Norma Fox Mazer
Saturday, the Twelfth of October
1975

from the dustjacket:

Loonies, Zan thought, her throat tight. Loonies! Crazies! She had never seen anything like the boy and girl who faced her. Naked, except for flaps hanging down from the front of woven belts, the two of them fingered, sniffed and tasted everything Zan wore, down to her dirty old sneakers. Loonies!

But even as the thought came to her, Zan rejected it: there was another explanation, one that made her recoil. The terrifying "storm" that had wrenched her out of Mechanix Park on a Saturday morning in October had set her down in this meadow lush with strange foliage and teeming with birds, insects and animals she couldn't name. Something awesomely out of the ordinary was happening to her, and the two naked kids poking her and chattering in an unfamiliar language were further evidence of just how far from her normal existence she may have been swept.

At first Zan cannot accept that there is no way back. And then she finds herself irresistibly drawn into the gentle community of cave dwellers. But even as Zan settles into the rhythms of life with the People, she clings fiercely to her own memories of home. All that she has to remind her of civilization is a button, a key, a safety pin and a jackknife, which she guards jealously. Only Diwera, the wise woman, senses the threat Zan poses to the ages-old life of the People. And it is Diwera who takes it upon herself to rid the People of Zan.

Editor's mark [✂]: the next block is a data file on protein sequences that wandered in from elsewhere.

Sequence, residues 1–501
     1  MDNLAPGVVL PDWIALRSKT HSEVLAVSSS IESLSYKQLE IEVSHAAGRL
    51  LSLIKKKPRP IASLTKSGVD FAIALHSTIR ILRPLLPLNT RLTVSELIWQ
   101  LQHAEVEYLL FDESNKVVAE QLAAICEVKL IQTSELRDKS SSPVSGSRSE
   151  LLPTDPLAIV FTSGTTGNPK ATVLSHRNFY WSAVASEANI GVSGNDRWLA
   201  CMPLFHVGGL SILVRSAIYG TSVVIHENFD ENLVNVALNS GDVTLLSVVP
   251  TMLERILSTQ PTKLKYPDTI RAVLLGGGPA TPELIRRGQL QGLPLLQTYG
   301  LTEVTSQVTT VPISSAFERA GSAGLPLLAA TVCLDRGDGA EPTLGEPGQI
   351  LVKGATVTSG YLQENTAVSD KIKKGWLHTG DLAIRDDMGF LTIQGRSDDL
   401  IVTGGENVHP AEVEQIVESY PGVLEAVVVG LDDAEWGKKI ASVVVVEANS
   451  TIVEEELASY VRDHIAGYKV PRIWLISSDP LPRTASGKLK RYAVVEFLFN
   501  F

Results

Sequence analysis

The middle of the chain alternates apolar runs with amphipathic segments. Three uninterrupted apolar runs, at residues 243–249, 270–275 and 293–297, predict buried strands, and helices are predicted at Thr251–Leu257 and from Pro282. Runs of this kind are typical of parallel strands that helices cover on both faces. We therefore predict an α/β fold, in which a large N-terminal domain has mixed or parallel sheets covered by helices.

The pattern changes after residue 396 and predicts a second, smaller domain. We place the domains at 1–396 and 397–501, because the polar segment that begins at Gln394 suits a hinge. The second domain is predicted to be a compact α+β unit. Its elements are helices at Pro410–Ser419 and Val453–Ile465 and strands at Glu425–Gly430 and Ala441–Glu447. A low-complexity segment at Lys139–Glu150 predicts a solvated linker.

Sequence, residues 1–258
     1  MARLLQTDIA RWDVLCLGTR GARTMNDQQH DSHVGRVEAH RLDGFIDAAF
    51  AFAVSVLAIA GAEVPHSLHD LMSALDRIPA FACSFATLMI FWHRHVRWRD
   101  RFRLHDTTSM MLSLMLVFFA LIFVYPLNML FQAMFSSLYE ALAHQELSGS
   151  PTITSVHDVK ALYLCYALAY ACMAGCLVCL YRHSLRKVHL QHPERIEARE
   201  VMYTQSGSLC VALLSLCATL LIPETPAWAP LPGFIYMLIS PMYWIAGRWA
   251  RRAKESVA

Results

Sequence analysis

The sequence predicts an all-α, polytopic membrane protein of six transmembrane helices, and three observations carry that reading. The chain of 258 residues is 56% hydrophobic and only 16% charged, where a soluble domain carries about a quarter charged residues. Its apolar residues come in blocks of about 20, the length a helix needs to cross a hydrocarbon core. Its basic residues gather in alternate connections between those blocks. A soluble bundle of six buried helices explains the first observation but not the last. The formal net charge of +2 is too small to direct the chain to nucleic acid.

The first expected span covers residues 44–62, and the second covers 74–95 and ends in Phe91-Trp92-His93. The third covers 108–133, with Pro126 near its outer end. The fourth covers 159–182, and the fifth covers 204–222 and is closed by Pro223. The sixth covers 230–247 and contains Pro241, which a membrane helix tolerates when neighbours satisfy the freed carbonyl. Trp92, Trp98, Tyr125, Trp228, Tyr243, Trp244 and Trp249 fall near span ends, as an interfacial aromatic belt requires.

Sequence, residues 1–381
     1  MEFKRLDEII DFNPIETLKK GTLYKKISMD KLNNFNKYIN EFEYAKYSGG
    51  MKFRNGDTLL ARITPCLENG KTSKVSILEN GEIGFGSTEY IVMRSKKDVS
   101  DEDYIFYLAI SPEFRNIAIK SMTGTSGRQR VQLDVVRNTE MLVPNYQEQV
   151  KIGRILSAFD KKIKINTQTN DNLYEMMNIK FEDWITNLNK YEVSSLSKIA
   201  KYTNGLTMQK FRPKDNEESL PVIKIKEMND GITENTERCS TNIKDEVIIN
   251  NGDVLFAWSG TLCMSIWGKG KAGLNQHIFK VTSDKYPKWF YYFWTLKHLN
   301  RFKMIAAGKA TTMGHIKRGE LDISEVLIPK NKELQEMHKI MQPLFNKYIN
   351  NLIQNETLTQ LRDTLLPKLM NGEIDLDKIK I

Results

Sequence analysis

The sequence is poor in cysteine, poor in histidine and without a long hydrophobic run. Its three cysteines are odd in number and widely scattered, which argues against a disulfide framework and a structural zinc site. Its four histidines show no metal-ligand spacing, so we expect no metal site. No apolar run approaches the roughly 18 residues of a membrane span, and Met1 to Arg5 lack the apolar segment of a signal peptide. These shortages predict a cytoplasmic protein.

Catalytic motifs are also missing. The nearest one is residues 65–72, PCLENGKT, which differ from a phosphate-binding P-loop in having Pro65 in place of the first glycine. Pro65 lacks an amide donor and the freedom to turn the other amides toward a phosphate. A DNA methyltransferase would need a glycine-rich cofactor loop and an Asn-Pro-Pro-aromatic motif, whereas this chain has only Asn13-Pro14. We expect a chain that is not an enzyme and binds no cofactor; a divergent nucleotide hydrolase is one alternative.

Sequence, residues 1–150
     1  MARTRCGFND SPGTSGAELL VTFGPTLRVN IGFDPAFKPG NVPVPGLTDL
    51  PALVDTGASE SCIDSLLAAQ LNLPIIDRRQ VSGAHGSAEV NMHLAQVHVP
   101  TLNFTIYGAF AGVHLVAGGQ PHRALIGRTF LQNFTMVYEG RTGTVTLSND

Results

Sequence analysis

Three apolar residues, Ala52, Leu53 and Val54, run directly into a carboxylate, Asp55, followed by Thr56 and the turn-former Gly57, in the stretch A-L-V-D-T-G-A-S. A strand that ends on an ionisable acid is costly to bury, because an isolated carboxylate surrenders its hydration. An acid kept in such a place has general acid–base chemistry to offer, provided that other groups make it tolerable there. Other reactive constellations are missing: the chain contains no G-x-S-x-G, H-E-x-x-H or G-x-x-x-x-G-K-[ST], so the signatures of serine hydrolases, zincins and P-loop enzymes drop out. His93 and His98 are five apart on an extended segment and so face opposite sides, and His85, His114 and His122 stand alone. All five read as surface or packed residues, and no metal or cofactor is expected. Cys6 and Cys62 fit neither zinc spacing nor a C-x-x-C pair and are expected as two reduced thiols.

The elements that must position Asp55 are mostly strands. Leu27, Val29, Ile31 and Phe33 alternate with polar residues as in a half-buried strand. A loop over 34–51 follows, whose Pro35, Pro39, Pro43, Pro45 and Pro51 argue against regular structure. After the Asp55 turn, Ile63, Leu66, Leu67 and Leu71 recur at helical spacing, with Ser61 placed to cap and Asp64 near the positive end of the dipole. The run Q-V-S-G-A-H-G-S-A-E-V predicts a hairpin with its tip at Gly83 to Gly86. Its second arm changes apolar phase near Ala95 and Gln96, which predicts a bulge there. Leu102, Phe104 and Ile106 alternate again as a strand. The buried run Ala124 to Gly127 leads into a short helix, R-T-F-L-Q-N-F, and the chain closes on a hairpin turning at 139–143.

Norma Fox Mazer, author of the National Book Award finalist A Figure of Speech, has surpassed herself with this extraordinary and powerful novel about the underlying spirit of humanity. Ms. Mazer lives in Syracuse, New York, with her husband, novelist Harry Mazer, and the youngest two of their four children.

Jacket painting by Gene Szafran